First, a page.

Considering Hendrix remained at Hogansville until the school closed 31 years later, that decision proved to be a wise one.

“I have great respect for coach Hendrix, and the job that he did, the tradition that he established and built at Hogansville,” said Pete Wiggins, who is creating a lasting legacy of his own as the head football coach at Callaway. “I heard so many stories from former players, and coaches that were associated with him, just about how much integrity he had, and his work ethic.”

Hendrix’s influence wasn’t limited to the student-athletes he guided as a coach.

He was also a mentor to young, aspiring coaches, including Trey Tucker, who was the equipment manager at Hogansville High.

“He was like a second daddy to me,” said Tucker, who made the move to Callaway High in 1996 and has remained on staff as a coach and equipment manager ever since. “He took me under his wing when I went to work for him in Hogansville. He taught me everything I know about athletics, and about how to order uniforms. He taught me all that. After he taught me all that, he turned it over to me, but he still had his hand in it.”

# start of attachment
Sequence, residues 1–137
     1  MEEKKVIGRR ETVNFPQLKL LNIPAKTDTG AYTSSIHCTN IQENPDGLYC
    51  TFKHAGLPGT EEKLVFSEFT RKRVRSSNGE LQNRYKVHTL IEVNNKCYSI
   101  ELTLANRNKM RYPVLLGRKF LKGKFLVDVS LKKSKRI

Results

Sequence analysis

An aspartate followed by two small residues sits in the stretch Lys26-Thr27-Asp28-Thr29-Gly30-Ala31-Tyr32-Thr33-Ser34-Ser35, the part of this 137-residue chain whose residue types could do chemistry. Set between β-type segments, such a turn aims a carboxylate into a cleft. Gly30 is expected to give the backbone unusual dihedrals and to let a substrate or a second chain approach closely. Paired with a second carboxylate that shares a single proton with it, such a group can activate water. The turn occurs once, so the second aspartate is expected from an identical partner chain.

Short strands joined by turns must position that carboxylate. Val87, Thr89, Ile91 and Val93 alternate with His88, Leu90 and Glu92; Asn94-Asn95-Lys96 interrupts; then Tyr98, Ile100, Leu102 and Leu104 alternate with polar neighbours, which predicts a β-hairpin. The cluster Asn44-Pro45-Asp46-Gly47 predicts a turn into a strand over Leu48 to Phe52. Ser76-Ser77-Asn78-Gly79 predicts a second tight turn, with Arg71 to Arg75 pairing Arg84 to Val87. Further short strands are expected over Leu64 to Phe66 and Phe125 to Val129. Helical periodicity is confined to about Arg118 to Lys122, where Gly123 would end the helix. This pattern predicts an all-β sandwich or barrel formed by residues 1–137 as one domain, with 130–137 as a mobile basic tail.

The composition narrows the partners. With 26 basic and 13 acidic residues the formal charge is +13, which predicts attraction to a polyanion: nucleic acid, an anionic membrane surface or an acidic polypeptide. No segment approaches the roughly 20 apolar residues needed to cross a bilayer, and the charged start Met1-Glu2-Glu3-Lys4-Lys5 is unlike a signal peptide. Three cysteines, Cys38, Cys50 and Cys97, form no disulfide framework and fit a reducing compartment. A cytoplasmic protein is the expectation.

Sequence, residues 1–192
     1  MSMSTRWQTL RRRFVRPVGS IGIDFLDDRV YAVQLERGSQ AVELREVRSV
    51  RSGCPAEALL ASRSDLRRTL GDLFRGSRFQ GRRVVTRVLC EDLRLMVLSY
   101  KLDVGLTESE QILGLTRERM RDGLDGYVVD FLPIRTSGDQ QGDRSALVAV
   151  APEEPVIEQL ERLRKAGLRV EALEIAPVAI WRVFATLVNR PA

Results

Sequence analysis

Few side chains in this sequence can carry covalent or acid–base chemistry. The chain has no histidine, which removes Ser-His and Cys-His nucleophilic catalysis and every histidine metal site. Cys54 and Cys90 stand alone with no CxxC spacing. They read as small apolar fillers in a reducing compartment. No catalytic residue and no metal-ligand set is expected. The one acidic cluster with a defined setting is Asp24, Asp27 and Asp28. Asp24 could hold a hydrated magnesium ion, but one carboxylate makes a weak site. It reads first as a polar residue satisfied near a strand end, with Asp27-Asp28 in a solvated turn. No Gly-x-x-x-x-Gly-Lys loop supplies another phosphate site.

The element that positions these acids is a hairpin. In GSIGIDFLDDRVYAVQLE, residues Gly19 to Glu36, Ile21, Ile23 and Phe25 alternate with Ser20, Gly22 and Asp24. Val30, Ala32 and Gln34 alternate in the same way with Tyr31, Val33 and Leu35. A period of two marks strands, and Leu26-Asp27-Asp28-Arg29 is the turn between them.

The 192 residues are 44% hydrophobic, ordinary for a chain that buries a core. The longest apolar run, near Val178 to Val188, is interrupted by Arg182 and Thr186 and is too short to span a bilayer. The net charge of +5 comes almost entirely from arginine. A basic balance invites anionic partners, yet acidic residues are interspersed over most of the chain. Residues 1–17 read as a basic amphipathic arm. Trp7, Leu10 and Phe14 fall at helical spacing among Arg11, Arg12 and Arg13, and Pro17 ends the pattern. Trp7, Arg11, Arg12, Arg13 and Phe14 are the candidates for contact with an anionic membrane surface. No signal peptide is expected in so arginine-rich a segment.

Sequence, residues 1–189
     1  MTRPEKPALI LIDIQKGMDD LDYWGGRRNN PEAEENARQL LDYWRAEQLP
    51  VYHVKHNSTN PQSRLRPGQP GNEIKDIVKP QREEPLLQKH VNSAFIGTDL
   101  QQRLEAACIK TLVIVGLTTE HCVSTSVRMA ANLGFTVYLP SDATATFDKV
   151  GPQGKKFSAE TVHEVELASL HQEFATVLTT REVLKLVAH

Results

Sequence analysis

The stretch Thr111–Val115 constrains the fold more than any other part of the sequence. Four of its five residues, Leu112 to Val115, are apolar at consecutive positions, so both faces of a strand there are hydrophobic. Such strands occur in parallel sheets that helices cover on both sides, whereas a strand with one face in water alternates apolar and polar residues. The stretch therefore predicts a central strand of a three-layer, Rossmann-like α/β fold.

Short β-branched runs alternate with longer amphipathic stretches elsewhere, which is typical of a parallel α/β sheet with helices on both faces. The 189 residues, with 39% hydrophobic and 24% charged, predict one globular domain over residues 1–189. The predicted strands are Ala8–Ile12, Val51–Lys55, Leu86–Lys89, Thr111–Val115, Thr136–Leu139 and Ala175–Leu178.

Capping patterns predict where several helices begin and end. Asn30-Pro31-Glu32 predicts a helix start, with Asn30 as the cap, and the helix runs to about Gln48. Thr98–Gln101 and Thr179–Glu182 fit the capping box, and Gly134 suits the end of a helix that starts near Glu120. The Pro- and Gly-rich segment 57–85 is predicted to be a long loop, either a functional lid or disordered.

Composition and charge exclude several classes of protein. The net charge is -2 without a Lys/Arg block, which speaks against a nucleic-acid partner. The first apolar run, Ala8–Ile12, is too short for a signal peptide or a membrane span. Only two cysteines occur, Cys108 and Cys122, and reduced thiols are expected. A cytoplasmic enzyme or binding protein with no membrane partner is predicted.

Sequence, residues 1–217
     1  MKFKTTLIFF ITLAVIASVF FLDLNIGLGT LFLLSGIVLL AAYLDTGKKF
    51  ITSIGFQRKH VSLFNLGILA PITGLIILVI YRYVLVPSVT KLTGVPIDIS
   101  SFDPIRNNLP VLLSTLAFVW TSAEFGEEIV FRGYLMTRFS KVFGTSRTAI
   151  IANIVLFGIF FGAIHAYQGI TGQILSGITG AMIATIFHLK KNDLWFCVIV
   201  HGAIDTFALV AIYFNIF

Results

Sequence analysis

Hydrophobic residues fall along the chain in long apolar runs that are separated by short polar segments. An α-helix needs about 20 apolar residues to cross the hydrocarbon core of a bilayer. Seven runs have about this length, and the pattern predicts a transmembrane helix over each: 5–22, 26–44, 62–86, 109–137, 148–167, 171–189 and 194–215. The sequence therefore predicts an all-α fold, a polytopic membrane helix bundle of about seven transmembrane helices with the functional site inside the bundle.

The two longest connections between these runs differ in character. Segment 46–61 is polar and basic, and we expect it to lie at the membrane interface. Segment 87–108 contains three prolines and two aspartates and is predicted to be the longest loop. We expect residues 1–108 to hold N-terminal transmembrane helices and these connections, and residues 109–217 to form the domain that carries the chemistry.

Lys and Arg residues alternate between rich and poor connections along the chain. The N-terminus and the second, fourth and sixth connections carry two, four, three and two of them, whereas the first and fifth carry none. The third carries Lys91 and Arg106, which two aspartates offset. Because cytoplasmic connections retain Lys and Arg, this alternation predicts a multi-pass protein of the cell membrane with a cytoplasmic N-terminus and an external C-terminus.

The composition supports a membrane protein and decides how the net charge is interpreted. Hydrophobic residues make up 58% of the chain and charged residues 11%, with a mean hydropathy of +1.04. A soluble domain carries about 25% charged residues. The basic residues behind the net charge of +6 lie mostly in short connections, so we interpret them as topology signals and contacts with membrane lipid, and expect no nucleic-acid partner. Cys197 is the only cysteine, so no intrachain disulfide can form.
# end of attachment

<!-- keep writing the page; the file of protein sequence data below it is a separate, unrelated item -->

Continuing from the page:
Hendrix, Tucker recalls, was not only an exceptional football coach, but if something needed to be done at the football field he was the man for the job.

“Don could fix anything,” Tucker said. “One time the scoreboard tore up, and he had it tore apart and fixed it.”

Everything Hendrix did was in preparation for Friday night, and football games in Hogansville were events.

“The town shut down about 6, and everybody rolled up to the school,” Tucker said. “Everybody had their green and white shirt on. It was amazing. The atmosphere was just exciting.”

As a youngster, Thomas Crocker was anxious to be a part of the Hogansville football family and play for coach Hendrix.

“All I wanted to do growing up was play there,” Crocker said. “I couldn’t wait until I was old enough to play and be a Greenwave.”

When Crocker did arrive at Hogansville, he found Hendrix to be “a no-nonsense guy.”